How to describe that sound when the birds flutter like a deck
of cards being shuffled? Where to find your uplift &
hallelujah, hosanna & hero, campana & chorus?
Although severely restricted by narrowed space and limited time, Ordaz manages to convey a flight of freedom.
From Program 2:
Baile de Cuarentena
One of a few festival entries centered in the art of flamenco, Baile de Cuarentena (quarantine dance) approaches pandemic apocalypse with a mask but no filters. Also, no costuming and no heavy footwork that might disturb Zárate's downstairs neighbors. You can feel the energy of frustration along with determination to keep flamenco--and hope--alive.
Time up the River
film: Christopher Lopez
Shelter-in-place can be unsafe for LGBTQ+ folx forced to share space with homophobic/transphobic families. Choreographer Pérez took that reality as the premise for this duet with Robert Gomez dancing in a tight spot of liminal domestic space with some mirrors for self-reflection and a bit of light from the outside world.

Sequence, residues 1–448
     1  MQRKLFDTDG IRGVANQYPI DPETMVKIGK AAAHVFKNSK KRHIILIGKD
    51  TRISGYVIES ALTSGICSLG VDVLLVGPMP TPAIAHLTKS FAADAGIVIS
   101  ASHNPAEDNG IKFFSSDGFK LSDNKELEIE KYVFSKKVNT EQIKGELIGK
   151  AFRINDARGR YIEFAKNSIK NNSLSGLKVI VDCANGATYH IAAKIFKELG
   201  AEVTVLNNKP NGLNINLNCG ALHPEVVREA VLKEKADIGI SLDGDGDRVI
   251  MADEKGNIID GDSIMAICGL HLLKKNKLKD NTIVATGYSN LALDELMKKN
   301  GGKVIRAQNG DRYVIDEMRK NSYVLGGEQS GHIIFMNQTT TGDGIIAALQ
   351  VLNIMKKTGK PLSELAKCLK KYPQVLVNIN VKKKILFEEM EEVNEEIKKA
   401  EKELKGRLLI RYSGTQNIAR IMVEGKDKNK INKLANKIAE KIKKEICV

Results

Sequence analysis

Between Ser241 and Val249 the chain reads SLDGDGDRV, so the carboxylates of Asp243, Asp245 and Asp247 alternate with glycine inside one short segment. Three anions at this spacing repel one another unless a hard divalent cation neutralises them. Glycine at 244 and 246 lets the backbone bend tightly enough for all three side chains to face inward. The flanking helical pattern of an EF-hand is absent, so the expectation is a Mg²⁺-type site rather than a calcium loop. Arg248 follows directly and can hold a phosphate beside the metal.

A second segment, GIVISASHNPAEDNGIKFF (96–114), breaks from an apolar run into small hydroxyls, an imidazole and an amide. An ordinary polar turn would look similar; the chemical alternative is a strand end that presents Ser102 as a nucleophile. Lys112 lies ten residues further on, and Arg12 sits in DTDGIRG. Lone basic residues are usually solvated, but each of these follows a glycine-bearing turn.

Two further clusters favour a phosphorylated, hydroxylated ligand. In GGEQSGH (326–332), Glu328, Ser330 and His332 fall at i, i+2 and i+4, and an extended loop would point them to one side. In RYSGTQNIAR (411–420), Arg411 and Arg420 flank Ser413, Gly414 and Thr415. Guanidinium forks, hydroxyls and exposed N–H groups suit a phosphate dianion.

From Program 4:
What the Hell is Going On
Rubí Danielle Morales
Videography: Crystal Morales
Hemmed in by the stark angles of a kitchen space, Morales responds with similar starkness and angularity of movement in this disturbing solo before a restless, intrusive camera.
Dancing on the Edge choreographers:
Nancy Rivera Gomez
For more information about LA's Bootleg Theater, click here.
DISCLAIMER: In addition to my work on InfiniteBody, I serve, at Gibney, as Senior Director of Artist Development and Curation and Editorial Director. The postings on this site are my own and do not necessarily reflect the views, strategies or opinions of Gibney.